Community Blog An Interpretation of the Source Code of OceanBase (8): Submission and Playback of Transaction Logs

An Interpretation of the Source Code of OceanBase (8): Submission and Playback of Transaction Logs

This article discusses the submission and playback of transaction logs.

By Keqing

The seventh article of this series (Understand the Implementation Principles of Database Index) introduced the index build process of OceanBase from the perspective of code introduction and explained the code related to index construction.

This eighth article of this series explains the submission and playback of transaction logs. OceanBase logs (clogs) are similar to REDO logs of traditional databases. This module is responsible for persisting transaction data during transaction commit and implements a distributed consistency protocol based on Multi_Paxos.

The Design Concept of Log Module

Compared with the traditional RDS log module, OceanBase's Log Service faces the following challenges:

  • After Multi_Paxos replaces the traditional primary/secondary synchronization mechanism, the high availability of the system and high reliability of data are realized.
  • Global deployment needs to be supported, with network latency between multiple replicas reaching tens or even hundreds of ms.
  • As a distributed database, OceanBase uses partitions as the basic unit for data synchronization. A single device must support 100,000 partitions. On this basis, log data must be written and read efficiently.
  • At the same time, the batch of operations of any function needs to be considered to speed up execution. Log Service maintains status information (such as the member list and leader of the replica(. It needs to provide efficient support for the rich functionality of the distributed system.

The Log's Life

The log module of OceanBase implements a set of standard Multi_Paxos to ensure that all submitted data can be recovered without a majority of permanent failures.

It also implements an out-of-order log commit to ensure there are no dependencies between transactions. Before the following introduction to OceanBase's project implementation for Multi_Paxos, readers take for granted that they have already understood the core idea of Multi_Paxos. If you want to know more, please learn more about Multi_Paxos in the question and answer section of the community.

Let's take a transaction log of a partition as an example. The normal process is shown below:


  1. The transaction layer calls the log_service->submit_log () interface to commit logs (which carries on_succ_cb callback pointers).
  2. The clog first assigns log_id and submit_timestamp and commits to a sliding window to generate a new log_task. Then, the local system commits the write disk and synchronizes the logs to the follower through RPC.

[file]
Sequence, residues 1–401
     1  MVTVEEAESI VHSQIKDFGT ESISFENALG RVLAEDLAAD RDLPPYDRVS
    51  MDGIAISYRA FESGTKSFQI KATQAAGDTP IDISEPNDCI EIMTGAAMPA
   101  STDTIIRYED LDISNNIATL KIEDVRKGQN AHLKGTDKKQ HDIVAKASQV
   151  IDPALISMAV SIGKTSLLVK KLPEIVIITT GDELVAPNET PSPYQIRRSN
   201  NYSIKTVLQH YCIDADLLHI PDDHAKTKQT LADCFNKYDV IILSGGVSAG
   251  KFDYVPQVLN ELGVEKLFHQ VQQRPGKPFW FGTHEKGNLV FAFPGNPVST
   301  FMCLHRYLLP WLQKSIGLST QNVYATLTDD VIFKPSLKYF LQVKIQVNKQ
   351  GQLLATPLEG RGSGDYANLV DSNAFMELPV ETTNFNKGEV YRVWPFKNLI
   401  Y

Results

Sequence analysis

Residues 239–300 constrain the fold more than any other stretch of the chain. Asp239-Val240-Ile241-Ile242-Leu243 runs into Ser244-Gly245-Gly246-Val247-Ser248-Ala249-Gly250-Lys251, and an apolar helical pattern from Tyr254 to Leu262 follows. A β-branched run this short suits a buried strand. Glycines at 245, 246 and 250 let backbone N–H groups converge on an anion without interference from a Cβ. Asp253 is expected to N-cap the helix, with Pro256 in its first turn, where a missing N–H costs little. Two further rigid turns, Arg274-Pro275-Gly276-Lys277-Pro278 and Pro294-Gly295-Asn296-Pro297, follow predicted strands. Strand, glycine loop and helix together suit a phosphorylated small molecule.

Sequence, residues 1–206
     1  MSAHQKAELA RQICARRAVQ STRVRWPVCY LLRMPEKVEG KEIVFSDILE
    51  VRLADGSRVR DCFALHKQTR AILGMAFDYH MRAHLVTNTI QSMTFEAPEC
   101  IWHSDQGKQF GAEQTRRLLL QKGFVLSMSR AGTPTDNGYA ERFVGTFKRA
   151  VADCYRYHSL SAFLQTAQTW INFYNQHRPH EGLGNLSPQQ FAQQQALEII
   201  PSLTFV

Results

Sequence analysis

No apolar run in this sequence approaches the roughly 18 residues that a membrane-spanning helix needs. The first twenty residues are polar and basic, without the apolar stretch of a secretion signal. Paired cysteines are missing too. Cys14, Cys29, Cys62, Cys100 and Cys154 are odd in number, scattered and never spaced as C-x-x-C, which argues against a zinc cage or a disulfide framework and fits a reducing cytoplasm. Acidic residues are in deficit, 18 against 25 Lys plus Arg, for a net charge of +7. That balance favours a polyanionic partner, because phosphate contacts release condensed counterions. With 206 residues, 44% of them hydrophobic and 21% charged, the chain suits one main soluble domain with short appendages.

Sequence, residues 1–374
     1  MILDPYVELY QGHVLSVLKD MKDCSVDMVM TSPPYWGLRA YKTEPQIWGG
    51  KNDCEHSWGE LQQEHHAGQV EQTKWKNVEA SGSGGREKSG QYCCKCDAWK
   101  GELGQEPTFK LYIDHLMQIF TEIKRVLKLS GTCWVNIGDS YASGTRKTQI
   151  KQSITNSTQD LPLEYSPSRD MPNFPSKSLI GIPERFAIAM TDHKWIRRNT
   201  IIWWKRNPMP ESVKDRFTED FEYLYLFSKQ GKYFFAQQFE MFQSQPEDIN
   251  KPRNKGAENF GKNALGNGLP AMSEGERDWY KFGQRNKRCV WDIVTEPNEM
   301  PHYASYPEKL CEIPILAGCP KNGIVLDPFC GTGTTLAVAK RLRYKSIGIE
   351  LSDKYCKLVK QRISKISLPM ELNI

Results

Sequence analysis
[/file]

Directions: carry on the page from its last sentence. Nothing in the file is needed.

3. When local disk writing is complete, call log_service->flush_cb() to update the log_task status and mark local persistence. When the follower disk writing is successful, return the ACK to the leader.
  4. The leader receives the ack_list of the ack and updates log_task.
  5. The leader counts the majority in steps 4 and 5. Once a majority is reached the leader sequentially calls the log_task->on_success callback transactions while sending a confirmed_info message to the follower and slides this log out of the sliding window.
  6. After receiving the confirmed_info message, the follower tries to slide this log out of the sliding window, submits, and replays the log in the sliding out of the operation.

On the follower, the submitted logs are played back in real-time. The playback process is shown below:


When the follower slides out the log, the corresponding value of the submit_log_task that records the playback point in each partition will be increased. This task will be asynchronously committed to a global thread pool for consumption.

When the global thread pool consumes the submit_log_task of a partition, it reads all the logs to be played back in it and distributes them to the corresponding four playback task queues of the partition. The allocation method is mainly to hash according to the trans_id to ensure the logs of the same transaction are allocated to one queue. The queue assigned to the new task asynchronously submits the task_queue as a task to the global thread pool mentioned in 1 for consumption.

When the global thread pool consumes task_queue, it traverses all subtasks in the queue in turn and executes the corresponding application logic based on the log type. At this point, a log has been synchronized to the follower and can be read on the follower.

After learning the source code interpretation of this article, you may have a corresponding understanding of the submission and playback of transaction logs. The next article in this series will explain the relevant content of OceanBase storage layer code interpretation. Please look forward to it!

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